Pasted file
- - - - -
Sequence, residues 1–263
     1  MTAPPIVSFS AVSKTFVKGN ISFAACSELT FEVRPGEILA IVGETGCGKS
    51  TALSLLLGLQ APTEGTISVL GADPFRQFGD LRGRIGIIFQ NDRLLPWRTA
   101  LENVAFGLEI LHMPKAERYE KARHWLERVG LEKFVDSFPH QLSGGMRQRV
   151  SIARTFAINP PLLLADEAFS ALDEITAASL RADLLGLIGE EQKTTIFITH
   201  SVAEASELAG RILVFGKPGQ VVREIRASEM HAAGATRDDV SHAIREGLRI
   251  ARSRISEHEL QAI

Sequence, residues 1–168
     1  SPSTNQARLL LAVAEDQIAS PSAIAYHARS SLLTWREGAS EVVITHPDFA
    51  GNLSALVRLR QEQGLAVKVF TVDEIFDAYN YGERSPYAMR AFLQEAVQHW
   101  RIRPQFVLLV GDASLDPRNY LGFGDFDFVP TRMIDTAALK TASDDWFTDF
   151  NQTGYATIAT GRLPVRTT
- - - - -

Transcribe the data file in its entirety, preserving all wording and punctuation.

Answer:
Sequence, residues 1–263
     1  MTAPPIVSFS AVSKTFVKGN ISFAACSELT FEVRPGEILA IVGETGCGKS
    51  TALSLLLGLQ APTEGTISVL GADPFRQFGD LRGRIGIIFQ NDRLLPWRTA
   101  LENVAFGLEI LHMPKAERYE KARHWLERVG LEKFVDSFPH QLSGGMRQRV
   151  SIARTFAINP PLLLADEAFS ALDEITAASL RADLLGLIGE EQKTTIFITH
   201  SVAEASELAG RILVFGKPGQ VVREIRASEM HAAGATRDDV SHAIREGLRI
   251  ARSRISEHEL QAI

Sequence, residues 1–168
     1  SPSTNQARLL LAVAEDQIAS PSAIAYHARS SLLTWREGAS EVVITHPDFA
    51  GNLSALVRLR QEQGLAVKVF TVDEIFDAYN YGERSPYAMR AFLQEAVQHW
   101  RIRPQFVLLV GDASLDPRNY LGFGDFDFVP TRMIDTAALK TASDDWFTDF
   151  NQTGYATIAT GRLPVRTT